This looks like a pretty solid study: equip people with accelerometers and tell them to walk for 30, 60, or 90 minutes per day. What they found:
A 30-min prescription of extra walking 5 times per week was well tolerated. However, in order to increase total PA further, much more than 60 min of walking may need to be prescribed in the majority of individuals. While total exercise ‘volume’ increased with prescriptions longer than 30 min, compliance to the prescription decreased and greater compensation was evident.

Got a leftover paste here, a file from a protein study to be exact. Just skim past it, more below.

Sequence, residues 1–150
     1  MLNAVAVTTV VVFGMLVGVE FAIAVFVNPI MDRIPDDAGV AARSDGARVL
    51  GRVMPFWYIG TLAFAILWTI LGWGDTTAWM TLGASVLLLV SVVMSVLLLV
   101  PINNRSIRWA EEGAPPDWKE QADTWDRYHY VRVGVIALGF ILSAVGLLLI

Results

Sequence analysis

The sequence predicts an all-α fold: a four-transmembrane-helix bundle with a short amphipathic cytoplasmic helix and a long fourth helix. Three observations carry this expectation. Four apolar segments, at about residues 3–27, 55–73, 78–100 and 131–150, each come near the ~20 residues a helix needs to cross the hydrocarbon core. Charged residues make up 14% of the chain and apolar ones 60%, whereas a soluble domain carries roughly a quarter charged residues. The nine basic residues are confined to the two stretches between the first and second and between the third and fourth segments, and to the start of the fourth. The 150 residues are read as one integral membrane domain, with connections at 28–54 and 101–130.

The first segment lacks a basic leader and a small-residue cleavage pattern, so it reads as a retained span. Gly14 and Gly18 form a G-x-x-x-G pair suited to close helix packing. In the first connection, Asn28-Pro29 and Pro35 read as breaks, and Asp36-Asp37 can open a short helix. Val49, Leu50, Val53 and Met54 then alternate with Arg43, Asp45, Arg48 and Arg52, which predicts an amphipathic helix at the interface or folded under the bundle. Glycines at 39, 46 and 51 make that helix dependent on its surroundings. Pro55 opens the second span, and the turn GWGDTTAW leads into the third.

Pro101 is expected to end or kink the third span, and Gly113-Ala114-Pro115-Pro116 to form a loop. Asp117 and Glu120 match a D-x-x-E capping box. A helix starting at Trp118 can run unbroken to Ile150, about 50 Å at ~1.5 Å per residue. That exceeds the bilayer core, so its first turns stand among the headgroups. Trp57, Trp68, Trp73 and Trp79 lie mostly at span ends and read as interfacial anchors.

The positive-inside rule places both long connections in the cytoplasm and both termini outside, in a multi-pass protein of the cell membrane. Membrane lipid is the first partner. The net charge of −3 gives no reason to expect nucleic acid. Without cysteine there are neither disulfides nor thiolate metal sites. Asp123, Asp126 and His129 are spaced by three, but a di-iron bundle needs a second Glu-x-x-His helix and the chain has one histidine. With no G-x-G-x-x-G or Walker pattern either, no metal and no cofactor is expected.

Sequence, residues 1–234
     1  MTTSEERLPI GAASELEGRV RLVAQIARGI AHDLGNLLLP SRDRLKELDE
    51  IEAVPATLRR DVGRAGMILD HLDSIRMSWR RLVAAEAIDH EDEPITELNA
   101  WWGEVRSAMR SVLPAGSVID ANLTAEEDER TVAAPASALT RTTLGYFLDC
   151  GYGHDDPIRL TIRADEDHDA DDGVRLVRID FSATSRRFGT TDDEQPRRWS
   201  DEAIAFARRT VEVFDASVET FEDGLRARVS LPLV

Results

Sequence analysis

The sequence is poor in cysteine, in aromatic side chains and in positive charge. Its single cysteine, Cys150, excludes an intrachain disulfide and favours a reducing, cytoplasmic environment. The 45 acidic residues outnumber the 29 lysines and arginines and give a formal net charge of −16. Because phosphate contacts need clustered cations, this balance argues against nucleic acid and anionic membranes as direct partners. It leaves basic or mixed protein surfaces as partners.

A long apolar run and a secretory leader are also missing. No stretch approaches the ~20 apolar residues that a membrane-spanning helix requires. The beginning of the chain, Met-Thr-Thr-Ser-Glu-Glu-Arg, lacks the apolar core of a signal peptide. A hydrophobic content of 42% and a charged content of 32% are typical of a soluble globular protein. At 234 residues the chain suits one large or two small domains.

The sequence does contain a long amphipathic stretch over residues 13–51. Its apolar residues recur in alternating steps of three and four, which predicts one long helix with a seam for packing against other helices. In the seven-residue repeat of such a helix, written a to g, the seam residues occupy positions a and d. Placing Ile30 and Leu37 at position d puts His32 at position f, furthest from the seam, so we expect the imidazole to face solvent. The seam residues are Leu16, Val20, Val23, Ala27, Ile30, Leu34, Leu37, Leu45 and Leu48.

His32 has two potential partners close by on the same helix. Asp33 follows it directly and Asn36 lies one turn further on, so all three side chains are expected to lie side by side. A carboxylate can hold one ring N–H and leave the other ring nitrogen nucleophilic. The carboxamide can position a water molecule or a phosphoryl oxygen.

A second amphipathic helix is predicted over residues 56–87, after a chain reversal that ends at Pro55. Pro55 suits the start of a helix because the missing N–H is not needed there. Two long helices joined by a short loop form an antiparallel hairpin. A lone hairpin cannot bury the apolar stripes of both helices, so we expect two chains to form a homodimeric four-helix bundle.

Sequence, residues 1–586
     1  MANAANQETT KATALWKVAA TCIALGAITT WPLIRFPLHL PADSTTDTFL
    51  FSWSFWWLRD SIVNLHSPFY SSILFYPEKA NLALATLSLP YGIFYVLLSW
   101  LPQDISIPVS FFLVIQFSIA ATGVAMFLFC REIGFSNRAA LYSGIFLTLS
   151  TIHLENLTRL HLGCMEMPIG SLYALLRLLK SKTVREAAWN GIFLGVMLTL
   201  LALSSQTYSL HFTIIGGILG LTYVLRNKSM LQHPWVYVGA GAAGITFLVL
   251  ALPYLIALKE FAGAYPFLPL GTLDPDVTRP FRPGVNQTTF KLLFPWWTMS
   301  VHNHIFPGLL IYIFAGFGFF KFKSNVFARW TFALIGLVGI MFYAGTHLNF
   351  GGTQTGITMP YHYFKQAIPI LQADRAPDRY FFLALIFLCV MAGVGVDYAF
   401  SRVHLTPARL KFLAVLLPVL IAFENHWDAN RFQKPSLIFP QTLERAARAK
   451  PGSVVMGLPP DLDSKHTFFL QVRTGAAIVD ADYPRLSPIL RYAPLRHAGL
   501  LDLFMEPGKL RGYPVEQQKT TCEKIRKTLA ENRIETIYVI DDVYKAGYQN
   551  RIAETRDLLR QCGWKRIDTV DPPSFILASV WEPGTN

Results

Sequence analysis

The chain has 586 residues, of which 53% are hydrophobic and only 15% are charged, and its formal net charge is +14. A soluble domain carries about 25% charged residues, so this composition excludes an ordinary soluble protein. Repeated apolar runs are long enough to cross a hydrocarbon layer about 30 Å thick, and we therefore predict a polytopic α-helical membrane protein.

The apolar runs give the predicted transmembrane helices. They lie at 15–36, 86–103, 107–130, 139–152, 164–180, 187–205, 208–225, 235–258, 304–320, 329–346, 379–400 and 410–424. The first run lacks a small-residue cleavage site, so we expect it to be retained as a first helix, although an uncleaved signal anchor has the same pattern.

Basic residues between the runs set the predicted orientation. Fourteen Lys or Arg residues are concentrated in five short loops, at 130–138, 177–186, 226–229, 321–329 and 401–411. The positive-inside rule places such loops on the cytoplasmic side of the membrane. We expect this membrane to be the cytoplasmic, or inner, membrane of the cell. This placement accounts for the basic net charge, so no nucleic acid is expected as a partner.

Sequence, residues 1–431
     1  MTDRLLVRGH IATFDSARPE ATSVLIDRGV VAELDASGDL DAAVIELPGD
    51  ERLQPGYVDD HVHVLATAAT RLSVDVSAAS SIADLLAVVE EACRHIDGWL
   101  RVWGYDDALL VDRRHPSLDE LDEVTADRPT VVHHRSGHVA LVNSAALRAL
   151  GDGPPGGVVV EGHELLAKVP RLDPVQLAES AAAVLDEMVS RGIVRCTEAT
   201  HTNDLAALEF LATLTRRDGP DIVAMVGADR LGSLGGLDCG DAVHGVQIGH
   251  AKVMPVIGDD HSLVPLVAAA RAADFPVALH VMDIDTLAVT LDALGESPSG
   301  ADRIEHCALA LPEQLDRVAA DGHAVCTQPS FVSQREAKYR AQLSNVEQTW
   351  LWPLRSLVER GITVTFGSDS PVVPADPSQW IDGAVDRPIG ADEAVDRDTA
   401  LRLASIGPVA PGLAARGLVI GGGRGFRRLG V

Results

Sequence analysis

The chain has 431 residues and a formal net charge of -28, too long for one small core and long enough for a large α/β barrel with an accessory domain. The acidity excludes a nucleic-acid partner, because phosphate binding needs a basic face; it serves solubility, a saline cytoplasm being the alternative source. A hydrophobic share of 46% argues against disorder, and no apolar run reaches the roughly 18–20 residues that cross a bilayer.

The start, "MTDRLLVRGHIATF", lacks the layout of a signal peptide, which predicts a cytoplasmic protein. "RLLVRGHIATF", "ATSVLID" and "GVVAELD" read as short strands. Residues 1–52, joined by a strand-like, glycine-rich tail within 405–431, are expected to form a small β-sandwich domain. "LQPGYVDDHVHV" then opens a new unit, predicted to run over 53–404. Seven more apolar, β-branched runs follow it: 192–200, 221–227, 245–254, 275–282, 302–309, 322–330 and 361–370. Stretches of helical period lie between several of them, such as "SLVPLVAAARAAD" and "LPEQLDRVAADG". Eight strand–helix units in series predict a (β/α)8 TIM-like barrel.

This isn’t an especially shocking conclusion. I consider long-term compliance more important to a physical fitness routine than its efficiency or its effectiveness—if it’s so difficult that you give up after a few weeks, it’s not effective. “Difficult” doesn’t even have to be the defining negative characteristic; it could be too inconvenient, too time-consuming, too expensive, etc.
A lot of people, in their attempts to go out and “be fit”, go too hard and too heavy too early on. They run until they’re tired every single day, get burned out, and give up. As with anything new, it is more important to low-ball one’s initial efforts, allow time to adapt, and think in terms like “gradual” and “long-term.” Don’t set yourself up for failure.